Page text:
Students will be able to create simple mathematical representations of waves and identify characteristic properties of waves.

Students go through a series of hands-on lab stations that engage students in not only identifying the properties of waves, but in creating mathematical representations as well!

This lesson is Day 1 of a 2 day lesson designed to provide students the opportunity to travel through a series of lab stations that connect to the following NGSS and Common Core Standards:

**MS-PS4-1** Use mathematical representation to describe a simple model for waves that includes how the amplitude of a wave is related to the energy in a wave.

**MS-PS-4-2** Develop and use a model to describe that waves are reflected, absorbed, or transmitted through various materials.

**CCSS.ELA Reading: Science & Technical Subjects **Integrate quantitative or technical information expressed in words in a text with a version of that information expressed visually (e.g., in a flowchart, diagram, model, graph, or table).

**CCSS.Math Mathematical Practice 4** Model with mathematics.

At this point, students have had multiple experiences engaging with each of these standards in previous lessons. They have created models representing energy and amplitude and have explored the relationship between frequency, wavelength, and pitch using slinkies. Moreover, they have created models of transmission, absorption, and reflection. This series of lab stations is therefore an extremely independent activity for students providing them with more interactions with the standards. Therefore, it is also a good place to focus on students that have not been demonstrating mastery and help them make connections that they have not yet previously made.

In this lab rotation, students continue to create models that explain phenomena (**SP2**). In addition, students utilize the **Crosscutting Concept** of **Patterns**, using graphs to identify patterns and relationships between variables such as frequency and wavelength.

However, one new aspect that we begin to discuss is the mathematical representation of what a wave looks like **(MP4)**. On the first day, students are introduced to the idea of how a wave can be graphed in a coordinate plane on a Displacement vs. Time/Distance plot. In this lab, students have to create graphs that demonstrate general relationships of both transverse and longitudinal waves in order to develop their mathematical and conceptual thinking (**SP5**). On the second day of instruction, students are introduced to graphing a wave based on specific numbers instead of general relationships and begin manipulating the graphs of waves to demonstrate a proportional understanding of wave relationships.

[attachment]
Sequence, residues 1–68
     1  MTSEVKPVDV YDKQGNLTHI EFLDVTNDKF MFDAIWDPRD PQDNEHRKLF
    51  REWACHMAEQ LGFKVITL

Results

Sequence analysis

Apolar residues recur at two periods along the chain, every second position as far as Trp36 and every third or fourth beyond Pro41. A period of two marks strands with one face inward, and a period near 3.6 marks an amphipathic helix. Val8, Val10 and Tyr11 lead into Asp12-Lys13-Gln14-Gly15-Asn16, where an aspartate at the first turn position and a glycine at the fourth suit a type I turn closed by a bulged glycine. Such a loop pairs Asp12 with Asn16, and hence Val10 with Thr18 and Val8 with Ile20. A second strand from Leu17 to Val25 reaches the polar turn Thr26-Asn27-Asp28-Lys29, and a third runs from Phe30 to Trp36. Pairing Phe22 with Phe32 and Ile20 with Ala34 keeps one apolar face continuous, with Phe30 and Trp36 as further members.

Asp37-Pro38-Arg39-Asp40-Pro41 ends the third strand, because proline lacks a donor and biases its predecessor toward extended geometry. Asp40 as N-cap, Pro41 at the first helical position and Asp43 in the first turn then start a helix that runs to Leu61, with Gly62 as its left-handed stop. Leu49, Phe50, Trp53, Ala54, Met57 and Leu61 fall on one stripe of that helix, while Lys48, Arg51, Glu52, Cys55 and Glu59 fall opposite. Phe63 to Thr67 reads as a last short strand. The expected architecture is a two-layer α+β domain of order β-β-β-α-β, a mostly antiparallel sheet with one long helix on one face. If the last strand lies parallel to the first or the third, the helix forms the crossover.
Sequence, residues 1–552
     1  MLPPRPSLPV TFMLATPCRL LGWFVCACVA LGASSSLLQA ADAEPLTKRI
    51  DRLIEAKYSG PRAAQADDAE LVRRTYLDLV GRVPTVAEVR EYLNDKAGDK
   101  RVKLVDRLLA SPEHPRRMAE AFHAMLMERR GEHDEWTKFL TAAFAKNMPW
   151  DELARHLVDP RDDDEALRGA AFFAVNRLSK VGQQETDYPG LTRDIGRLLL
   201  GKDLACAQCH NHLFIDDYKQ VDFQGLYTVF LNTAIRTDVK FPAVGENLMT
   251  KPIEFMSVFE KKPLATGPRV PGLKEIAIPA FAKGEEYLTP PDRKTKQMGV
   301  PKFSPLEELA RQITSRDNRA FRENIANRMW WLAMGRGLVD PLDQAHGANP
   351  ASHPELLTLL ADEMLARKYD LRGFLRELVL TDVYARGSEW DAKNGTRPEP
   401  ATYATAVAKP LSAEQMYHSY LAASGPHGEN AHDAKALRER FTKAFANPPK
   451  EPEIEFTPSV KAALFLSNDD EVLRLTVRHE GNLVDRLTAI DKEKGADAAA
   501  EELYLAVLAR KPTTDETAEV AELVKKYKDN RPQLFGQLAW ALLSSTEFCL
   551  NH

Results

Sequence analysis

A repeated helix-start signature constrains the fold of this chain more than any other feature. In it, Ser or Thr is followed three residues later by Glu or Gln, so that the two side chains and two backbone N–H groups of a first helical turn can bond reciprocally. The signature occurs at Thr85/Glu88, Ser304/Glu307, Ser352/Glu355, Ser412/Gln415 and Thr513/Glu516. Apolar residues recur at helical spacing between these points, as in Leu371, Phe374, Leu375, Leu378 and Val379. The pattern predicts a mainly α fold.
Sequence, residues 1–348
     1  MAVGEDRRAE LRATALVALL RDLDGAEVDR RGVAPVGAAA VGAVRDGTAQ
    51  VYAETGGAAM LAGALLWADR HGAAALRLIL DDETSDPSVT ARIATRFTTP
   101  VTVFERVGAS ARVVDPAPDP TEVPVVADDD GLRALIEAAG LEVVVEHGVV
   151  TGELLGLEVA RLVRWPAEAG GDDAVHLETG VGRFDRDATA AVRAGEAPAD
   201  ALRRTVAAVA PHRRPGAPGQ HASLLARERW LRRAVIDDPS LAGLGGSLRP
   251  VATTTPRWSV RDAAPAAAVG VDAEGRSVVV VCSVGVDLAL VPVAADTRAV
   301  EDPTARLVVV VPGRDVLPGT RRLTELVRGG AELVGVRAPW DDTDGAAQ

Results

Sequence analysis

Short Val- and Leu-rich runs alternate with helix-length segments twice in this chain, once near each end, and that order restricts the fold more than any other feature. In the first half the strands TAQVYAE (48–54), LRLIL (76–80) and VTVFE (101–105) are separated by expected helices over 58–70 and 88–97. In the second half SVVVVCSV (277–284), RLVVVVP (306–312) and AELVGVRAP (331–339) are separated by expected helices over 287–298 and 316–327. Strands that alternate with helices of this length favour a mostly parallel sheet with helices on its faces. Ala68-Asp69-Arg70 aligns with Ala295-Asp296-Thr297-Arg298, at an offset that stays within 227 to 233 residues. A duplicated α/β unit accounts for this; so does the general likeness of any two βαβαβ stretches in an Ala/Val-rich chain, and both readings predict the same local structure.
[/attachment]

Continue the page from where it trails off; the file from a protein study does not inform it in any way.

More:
5 minutes

Have students turn to the Unit Plan in their binder. Ask students, “*What are you going to be learning today?*”. At this point in the year, my students immediately (or should!) refer to the Essential Question that is written on the board and in their Unit Plan. The EQ I use comes from the NGSS. Students reply, “*What are the characteristic properties of waves and how can they be used?*”

Next, I explain that over the course of the next days, we will be focusing on the EQ in two important ways - written as Skill 1 and Skill 5 on the Unit Plan. Ask the students to take a moment and read the “I can...” statements for Skills 1 and 5 and identify the new key ideas that they should be connecting to. Students may share things such as “*different types of waves*”, “*different types of matter*”, “*waves interacting with matter differently*”, and “*real world examples*”.

In previous lessons, students should have already ranked themselves on a scale of 1 to 4 (4 being mastery) on each of the learning targets/”I Can” statements. One of the purposes in checking in on the EQ and Skills daily is for students to self assess their learning. I ask the students to re-assess themselves on each of these learning targets, changing the number if they feel their level of understanding has changed since the last self-reflection.

15 minutes

Provide students with the Waves Light Bulb Sheet as well as the “*How Do Satellites Work?*” excerpt. Ask the students to read the article with the purpose of underlining, highlighting, or circling words or phrases that connect to the EQ. So, as students read, they should be marking up their papers identifying properties of waves and wave behavior that they know of as well as ways that waves can be used.